Hey everyone, Jack Drees here! Today I want to talk about one film in the “Star Wars” franchise that has meant a lot to me. My first ever introduction to the name “Star Wars,” that is aside from hearing about it from other people when I was in kindergarten. This also excludes a time I was over my cousin’s house, and he would be playing “LEGO Star Wars: The Video Game” on his Xbox. I do not know what episode he dove into first, but nevertheless. I also do not to leave out my memories having to do with a Millennium Falcon memory game at my grandparents house. That was something I often played in my younger years, but little did I know it was actually “Star Wars.” It was not too terribly long after that LEGO video game experience that I would go to the Sears at the Northshore Mall, which sadly does not exist anymore, and buy a widescreen DVD copy of “Star Wars Episode II: Attack of the Clones.” I would watch the film every now and then, have almost no idea what was going on, but because there were grand things and lasersword fights going down, I was entertained. Granted, as time went on, I had a greater understanding of everything, but keep in mind, I was around the age of 6 and I was not the brightest bulb in the room. That DVD was one of the most replayed I’ve had through my childhood, and despite upgrading to the Blu-ray in 2014, I still own the DVD to this day.
Long story short, “Attack of the Clones” was my first “Star Wars” film. What do I think of the movie today? Find out in my second review in a miniseries I’m calling… 7 DAYS OF STAR WARS!
“Star Wars Episode II: Attack of the Clones” is directed by George Lucas, who directed two “Star Wars” films prior to his 2002 outing. This film stars Hayden Christensen (Goosebumps, Higher Ground), Ewan McGregor (Emma, Trainspotting), Natalie Portman (Leon: The Professional, Mars Attacks!) Ian McDiarmid (Dirty Rotten Scoundrels, Dragonslayer), Samuel L. Jackson (Pulp Fiction, Shaft), Christopher Lee (Julius Caesar, Lord of the Rings: The Fellowship of the Ring), Anthony Daniels, Kenny Baker (Time Bandits, Flash Gordon), and Frank Oz (The Muppet Movie, The Dark Crystal). This film is the first sequel in the prequel trilogy. Try saying that three times fast. This sequel takes place ten years after “The Phantom Menace.” Anakin Skywalker and Obi-Wan Kenobi have grown to be well-connected partners, and speaking of partnership, Skywalker wants to be romantically involved with Senator Padme Amidala. Only problem, Jedi code suggests followers are forbidden to love. Meanwhile, Obi-Wan Kenobi attempts to discover more information regarding an assassination attempt on the recently mentioned senator. On his journey, he discovers a clone army.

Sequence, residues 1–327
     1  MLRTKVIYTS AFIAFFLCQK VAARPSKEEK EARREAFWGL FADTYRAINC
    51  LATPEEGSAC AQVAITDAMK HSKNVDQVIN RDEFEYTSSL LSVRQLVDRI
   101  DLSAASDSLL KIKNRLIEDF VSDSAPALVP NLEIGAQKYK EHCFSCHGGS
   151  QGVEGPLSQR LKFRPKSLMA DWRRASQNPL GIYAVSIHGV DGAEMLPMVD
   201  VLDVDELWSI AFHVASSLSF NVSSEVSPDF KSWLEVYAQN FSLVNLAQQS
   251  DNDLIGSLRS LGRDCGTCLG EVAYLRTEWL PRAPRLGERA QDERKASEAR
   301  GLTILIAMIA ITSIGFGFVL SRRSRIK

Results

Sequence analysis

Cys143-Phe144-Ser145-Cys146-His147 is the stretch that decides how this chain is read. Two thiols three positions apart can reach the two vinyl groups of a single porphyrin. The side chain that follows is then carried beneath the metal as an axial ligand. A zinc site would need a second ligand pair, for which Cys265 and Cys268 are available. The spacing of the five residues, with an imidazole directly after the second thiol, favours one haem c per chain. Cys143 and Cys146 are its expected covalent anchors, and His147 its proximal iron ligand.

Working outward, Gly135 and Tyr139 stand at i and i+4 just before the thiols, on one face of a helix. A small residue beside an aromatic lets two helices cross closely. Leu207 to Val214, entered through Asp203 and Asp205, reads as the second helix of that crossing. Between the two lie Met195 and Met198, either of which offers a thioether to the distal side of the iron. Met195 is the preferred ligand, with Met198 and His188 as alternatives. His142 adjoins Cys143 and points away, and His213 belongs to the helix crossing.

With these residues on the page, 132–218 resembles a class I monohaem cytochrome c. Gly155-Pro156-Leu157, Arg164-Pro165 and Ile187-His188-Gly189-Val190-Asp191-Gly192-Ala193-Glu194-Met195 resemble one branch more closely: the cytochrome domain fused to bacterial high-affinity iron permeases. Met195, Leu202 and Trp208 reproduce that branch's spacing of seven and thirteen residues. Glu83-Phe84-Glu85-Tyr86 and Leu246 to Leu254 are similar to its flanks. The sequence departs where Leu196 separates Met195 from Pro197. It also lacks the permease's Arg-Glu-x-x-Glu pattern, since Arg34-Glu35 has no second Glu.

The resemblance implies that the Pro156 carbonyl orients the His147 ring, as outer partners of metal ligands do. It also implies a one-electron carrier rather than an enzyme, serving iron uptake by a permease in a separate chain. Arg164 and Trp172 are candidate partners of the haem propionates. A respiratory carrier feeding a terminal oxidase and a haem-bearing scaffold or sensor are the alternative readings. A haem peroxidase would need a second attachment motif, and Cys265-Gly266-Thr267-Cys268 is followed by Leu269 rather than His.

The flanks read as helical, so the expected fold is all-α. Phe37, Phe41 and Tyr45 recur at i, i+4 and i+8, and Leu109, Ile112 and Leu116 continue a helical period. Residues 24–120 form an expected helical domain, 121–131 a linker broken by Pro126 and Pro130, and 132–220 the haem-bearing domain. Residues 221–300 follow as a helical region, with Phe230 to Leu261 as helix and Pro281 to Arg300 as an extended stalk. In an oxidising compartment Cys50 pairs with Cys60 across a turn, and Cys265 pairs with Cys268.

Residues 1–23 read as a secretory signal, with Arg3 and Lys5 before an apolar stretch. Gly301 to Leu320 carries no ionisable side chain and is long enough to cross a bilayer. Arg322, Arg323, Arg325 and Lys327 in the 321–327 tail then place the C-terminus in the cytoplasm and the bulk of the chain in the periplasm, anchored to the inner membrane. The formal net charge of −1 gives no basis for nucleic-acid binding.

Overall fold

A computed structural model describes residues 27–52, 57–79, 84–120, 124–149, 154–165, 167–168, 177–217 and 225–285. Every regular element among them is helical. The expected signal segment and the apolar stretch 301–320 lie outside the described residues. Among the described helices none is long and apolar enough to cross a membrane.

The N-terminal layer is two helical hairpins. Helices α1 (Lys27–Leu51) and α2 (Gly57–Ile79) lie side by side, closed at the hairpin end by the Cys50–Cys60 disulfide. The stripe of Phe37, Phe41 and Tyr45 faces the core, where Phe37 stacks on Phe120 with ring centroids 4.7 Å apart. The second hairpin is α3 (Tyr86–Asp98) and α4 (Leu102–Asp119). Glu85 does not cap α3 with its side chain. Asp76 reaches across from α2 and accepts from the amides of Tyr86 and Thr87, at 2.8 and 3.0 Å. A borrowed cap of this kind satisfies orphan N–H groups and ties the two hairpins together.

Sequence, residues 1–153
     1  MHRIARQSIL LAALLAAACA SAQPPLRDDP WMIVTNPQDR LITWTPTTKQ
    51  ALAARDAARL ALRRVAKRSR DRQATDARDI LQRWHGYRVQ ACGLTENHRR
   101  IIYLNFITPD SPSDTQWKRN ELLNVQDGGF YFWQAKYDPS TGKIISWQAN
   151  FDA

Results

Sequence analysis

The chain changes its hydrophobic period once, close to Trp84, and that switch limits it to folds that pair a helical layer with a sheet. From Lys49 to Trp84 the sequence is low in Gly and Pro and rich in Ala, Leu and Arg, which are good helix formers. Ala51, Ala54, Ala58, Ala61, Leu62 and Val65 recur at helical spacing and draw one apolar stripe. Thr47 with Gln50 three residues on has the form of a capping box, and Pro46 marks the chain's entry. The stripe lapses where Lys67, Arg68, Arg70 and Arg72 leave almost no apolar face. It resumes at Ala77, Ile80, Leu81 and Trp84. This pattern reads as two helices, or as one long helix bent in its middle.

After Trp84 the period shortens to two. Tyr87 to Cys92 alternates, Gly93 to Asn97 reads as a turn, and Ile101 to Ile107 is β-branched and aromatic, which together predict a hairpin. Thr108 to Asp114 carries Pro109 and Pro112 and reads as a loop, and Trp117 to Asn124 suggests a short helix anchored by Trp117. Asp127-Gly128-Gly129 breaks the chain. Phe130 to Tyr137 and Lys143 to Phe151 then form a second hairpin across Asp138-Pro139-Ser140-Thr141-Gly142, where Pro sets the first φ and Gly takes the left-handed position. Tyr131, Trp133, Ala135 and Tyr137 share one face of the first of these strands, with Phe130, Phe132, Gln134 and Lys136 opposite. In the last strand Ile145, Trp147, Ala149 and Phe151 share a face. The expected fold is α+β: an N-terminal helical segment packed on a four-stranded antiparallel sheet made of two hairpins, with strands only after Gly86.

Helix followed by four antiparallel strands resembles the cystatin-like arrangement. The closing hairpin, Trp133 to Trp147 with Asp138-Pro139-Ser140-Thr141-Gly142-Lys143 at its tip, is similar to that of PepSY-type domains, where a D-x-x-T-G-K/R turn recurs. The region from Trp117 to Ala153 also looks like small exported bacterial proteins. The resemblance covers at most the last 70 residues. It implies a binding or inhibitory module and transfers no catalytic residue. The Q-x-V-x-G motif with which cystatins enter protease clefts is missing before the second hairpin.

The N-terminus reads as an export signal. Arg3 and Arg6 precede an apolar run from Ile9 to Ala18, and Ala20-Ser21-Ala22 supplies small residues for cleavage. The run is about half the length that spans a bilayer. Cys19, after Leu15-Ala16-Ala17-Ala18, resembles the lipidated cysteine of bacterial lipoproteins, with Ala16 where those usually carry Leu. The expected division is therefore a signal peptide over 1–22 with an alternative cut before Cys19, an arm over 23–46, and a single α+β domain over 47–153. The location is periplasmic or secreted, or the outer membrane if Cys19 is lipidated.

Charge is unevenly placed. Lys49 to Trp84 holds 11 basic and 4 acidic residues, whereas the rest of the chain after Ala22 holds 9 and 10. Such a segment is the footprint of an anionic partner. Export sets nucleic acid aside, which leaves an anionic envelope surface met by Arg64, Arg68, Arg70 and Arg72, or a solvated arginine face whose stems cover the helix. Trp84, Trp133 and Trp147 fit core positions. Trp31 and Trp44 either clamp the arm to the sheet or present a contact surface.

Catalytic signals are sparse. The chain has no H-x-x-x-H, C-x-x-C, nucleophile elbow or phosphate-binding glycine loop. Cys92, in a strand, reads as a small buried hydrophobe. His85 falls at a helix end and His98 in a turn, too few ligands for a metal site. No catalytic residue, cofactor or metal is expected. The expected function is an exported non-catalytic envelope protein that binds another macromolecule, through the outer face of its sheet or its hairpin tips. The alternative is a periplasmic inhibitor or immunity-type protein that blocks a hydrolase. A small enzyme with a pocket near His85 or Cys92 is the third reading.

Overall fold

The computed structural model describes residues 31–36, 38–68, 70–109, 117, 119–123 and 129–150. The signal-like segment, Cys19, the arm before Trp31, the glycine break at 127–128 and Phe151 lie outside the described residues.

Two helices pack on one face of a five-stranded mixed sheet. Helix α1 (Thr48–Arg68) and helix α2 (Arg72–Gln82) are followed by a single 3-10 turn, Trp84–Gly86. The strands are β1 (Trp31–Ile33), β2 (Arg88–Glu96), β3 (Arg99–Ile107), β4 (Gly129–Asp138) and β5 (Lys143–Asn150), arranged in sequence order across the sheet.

Few franchises have defined not only my childhood, but pretty much my entire life like “Star Wars” has. It is a franchise that one can get attached to at any age for a variety of reasons. As I have said before, “Attack of the Clones” was my first “Star Wars” film and one of my initial forays into the franchise, so like the film or not, I admittedly owe much of my gratitude to “Attack of the Clones.” I grew up with the prequel trilogy, and as you may have seen in my review for “The Phantom Menace,” that does not necessarily mean that I am a fan or avid supporter of said trilogy. It just means that it sort of defined my life for a period of time. I am well aware that the prequels get a ton of hate from a multitude of fans, and I am not going to stop them from having an opinion, whether I agree with it or not. It is a situation like this that makes me wonder what life will be like in ten years. How will we remember Episodes VII through IX? Will they be looked at in the same way as the prequels? Maybe better? Worse? Who knows?
I just want to reiterate, as a kid, “Attack of the Clones” was one of my most rewatched “Star Wars” films. As an adult, it is an utter snoozefest. Boring. Dull. Uninteresting. You name it.
Fun fact, one of the reasons why I remember “Attack of the Clones” being one of my most rewatched “Star Wars” films as a child is because I went through a phase in fourth grade, or at least I think it was fourth grade, where I would fall asleep to it every night when I played it on the television. Out of all the “Star Wars” movies I could choose that could make me fall asleep, that was usually the one because there were a lot of slower parts, and at the time, it seemed to be one of the lighter installments in the franchise, specifically in the first hour. Why? Because maybe I should have realized this when I was younger, NOTHING HAPPENS!